Max Clifford

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Max Clifford loses appeal against eight-year jail term

Published November 7, 2014 by JS2

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DISGRACED PR guru Max Clifford has lost a challenge against his eight-year jail sentence for sex offences.

The sentence was upheld by three Court of Appeal judges in London today.

Clifford, 71, was jailed in May after being convicted of a string of indecent assaults, carried out between 1977 and 1984, using his celebrity connections to lure women.

The former celebrity agent, who branded his accusers “fantasists”, denied the charges, but was convicted at London’s Southwark Crown Court.

Announcing the appeal court’s decision, Lord Justice Treacy, who heard the case with Mr Justice Turner and Judge Michael Pert, said the sentence was “justified”.

At a recent appeal hearing, Clifford’s barrister Richard Horwell QC told the three judges that Clifford’s last offence was committed 29 years ago, “since when he has led an industrious life, and devoted a considerable part of his time to charitable works for which he has raised substantial funds”.

The trial judge had “accepted that he is no longer a danger to women and that he will not commit further offences”.

Mr Horwell said that for a number of reasons the sentence imposed was “too long”, adding: “Although the sentencing process must reflect modern attitudes, and I fully accept that that is our law, the sentencing process must not abandon common sense and fairness.”

Rosina Cottage QC, for the Crown, said the total sentence imposed was one the trial judge was “entitled to reach”.

When sentencing Clifford, Judge Anthony Leonard told him his personality and position in the public eye were the reasons his crimes were not revealed earlier.

He said: “The reason why they were not brought to light sooner was because of your own dominant character and your position in the world of entertainment which meant that your victims thought that you were untouchable, something that I think you too believed.”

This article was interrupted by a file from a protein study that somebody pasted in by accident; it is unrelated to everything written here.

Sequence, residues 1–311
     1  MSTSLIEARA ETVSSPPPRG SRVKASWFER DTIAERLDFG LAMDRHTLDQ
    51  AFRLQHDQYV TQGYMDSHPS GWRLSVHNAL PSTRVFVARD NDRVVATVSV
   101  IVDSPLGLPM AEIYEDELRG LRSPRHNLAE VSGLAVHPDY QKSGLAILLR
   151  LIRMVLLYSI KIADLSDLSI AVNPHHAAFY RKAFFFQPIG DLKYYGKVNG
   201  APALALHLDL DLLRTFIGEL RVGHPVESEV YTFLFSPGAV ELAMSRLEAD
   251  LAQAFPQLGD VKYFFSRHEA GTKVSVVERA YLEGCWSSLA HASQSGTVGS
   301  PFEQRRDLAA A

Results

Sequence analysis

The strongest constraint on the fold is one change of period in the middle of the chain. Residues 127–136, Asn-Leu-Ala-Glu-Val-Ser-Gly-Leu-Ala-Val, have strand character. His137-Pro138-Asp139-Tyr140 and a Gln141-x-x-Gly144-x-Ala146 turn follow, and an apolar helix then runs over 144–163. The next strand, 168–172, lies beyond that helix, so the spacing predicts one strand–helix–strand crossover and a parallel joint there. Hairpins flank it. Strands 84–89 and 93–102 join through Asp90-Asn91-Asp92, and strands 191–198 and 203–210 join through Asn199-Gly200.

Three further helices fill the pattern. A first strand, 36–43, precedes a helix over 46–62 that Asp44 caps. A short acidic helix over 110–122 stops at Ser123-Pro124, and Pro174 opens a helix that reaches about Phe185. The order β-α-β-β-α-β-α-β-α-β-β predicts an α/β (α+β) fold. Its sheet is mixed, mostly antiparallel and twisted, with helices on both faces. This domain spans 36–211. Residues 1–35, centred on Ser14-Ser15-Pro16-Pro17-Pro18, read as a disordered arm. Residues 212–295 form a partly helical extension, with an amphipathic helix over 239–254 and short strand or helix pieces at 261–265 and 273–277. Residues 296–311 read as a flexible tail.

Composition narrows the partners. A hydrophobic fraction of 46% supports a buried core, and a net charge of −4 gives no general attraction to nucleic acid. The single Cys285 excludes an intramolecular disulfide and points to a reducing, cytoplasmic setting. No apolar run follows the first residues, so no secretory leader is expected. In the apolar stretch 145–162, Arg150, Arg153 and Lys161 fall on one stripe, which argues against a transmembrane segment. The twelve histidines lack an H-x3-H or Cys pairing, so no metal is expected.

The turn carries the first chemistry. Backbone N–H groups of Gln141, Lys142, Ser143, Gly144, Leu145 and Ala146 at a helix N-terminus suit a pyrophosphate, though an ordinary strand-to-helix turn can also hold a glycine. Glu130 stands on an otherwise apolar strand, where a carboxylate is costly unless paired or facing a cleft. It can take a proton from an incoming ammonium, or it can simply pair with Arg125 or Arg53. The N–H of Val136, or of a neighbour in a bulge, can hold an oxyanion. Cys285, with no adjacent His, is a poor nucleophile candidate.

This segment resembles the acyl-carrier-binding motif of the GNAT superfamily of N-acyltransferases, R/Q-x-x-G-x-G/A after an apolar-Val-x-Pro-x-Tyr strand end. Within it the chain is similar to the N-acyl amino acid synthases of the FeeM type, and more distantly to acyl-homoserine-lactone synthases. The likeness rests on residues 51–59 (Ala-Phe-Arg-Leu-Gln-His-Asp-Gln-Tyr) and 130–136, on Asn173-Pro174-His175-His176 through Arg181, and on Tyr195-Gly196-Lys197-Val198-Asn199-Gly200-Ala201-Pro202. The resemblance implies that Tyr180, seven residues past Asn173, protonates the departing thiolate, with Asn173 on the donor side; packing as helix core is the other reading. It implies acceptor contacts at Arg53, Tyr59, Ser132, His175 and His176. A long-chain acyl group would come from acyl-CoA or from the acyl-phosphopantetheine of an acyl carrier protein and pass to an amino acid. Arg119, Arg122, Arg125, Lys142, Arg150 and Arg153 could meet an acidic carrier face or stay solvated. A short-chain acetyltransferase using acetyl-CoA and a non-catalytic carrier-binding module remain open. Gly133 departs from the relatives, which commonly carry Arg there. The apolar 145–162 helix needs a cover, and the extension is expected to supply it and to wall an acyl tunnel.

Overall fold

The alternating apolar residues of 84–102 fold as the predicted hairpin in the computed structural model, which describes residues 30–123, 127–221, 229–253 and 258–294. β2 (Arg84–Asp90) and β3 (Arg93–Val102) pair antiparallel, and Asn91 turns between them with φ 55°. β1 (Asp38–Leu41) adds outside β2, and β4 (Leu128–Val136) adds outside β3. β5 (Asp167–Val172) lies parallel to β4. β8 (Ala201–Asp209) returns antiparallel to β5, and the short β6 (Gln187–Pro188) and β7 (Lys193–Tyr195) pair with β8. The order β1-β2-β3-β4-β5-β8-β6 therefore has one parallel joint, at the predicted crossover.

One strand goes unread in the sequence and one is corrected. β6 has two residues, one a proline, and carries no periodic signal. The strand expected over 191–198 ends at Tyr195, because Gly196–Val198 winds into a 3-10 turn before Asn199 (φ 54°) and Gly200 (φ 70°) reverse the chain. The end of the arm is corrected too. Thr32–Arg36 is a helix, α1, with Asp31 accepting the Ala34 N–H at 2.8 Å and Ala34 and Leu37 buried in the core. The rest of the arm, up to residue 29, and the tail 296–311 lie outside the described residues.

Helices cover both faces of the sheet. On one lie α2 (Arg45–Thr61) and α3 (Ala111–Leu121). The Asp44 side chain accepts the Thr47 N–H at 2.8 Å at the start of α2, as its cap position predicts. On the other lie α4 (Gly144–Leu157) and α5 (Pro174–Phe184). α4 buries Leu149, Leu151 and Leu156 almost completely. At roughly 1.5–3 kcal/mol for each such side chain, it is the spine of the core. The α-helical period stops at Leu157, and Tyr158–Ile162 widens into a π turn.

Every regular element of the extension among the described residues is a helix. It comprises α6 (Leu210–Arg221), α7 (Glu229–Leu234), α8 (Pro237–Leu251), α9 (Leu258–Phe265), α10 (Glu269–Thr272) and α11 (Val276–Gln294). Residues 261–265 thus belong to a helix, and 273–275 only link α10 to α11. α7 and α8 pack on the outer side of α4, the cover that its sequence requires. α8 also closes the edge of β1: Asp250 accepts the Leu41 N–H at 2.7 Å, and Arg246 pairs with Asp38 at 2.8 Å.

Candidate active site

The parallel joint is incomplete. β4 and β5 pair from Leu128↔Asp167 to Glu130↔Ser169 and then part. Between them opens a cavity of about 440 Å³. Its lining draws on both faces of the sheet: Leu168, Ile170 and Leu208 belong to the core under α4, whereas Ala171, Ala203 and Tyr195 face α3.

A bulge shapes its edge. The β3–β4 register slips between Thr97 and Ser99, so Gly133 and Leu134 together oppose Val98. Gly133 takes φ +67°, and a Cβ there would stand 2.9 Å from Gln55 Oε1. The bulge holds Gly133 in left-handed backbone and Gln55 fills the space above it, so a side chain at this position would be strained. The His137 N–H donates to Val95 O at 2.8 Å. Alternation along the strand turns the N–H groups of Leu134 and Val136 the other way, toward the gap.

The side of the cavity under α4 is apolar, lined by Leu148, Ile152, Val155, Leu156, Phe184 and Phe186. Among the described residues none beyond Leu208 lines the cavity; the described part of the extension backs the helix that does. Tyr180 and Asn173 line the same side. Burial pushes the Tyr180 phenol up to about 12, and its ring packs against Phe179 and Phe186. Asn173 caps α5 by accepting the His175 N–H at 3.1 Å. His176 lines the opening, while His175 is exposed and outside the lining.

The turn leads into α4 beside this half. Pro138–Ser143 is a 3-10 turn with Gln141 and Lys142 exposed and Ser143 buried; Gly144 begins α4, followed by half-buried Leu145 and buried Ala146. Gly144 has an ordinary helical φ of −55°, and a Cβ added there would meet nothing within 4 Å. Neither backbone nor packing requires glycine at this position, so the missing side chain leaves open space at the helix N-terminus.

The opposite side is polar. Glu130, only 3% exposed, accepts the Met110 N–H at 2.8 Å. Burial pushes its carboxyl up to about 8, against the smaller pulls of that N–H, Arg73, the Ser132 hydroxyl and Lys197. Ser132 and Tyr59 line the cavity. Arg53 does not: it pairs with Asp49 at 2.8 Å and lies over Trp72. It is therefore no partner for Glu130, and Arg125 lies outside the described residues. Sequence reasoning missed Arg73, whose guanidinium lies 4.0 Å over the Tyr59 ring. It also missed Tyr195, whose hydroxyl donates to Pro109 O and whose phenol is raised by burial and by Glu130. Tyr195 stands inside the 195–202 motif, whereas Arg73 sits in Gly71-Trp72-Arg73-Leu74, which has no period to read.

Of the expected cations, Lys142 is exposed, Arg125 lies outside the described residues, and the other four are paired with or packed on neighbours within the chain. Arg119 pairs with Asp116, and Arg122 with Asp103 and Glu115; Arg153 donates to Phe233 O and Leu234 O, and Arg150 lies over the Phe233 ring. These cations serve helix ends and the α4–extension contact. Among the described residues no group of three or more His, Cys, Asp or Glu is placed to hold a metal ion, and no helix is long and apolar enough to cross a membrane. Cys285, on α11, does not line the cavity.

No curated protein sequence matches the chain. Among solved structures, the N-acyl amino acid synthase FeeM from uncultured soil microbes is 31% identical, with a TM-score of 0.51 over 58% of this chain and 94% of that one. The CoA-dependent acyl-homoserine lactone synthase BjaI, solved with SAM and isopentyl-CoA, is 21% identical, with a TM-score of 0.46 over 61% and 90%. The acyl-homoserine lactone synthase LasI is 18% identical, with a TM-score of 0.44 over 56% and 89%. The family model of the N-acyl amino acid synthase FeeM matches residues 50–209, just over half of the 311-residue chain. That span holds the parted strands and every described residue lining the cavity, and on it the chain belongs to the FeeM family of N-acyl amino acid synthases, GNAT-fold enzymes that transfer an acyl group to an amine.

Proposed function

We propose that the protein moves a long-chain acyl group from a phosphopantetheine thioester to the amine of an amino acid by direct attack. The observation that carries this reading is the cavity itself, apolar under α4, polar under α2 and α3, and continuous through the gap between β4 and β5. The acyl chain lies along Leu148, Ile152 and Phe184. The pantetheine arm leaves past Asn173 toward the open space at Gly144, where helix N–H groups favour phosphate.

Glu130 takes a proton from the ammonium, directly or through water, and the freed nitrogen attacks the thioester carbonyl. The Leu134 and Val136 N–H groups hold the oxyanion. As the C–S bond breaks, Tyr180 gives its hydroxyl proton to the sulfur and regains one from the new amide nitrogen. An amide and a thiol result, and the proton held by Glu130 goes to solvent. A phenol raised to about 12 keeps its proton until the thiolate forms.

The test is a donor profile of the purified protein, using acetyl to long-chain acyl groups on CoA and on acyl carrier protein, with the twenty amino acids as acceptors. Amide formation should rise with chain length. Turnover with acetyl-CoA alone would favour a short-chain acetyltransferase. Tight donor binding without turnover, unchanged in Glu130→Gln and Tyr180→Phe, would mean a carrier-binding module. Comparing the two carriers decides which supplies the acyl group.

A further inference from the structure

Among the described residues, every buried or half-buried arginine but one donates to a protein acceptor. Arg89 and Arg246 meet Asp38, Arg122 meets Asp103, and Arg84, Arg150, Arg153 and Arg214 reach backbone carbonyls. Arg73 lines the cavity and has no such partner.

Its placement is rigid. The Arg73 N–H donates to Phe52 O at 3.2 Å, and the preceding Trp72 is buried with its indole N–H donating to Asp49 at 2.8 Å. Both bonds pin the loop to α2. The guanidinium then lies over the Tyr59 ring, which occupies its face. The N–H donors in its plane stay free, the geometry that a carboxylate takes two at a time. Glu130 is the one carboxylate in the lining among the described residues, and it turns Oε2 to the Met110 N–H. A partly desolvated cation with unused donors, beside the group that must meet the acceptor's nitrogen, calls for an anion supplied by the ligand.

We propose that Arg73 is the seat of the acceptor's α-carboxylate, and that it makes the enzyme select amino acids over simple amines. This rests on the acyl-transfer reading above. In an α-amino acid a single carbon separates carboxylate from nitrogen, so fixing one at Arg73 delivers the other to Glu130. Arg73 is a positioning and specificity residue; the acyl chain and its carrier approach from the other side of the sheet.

He added: “These offences may have taken place a long time ago, when inappropriate and trivial sexual behaviour was more likely to be tolerated, but your offending was not trivial, but of a very serious nature.”

Clifford is currently serving his sentence at Littlehey Category C men’s prison in Cambridgeshire.

Announcing the court’s decision today, Lord Justice Treacy said: “It seems to us that, after consideration of the individual offences and the application of modern sentencing attitudes reflected in the guidelines, but tempered by the need to have regard to the statutory maximum available at the time, an overall sentence of eight years was justified and correct.”

It was a “just and proportionate” sentence “taking account of considerations of harm and culpability together with aggravating factors and such mitigation as was available to the appellant”.

Lord Justice Treacy said Clifford was sentenced to a total of eight years on eight counts of indecent assault relating to four victims who were “young and vulnerable” at the time of the offences.

He said: “Each was affected in respect of confidence and relationships and was harmed by what had been done to her.”

In considering the seriousness of any offence the court “must consider the offender’s culpability and any harm which the offence caused”.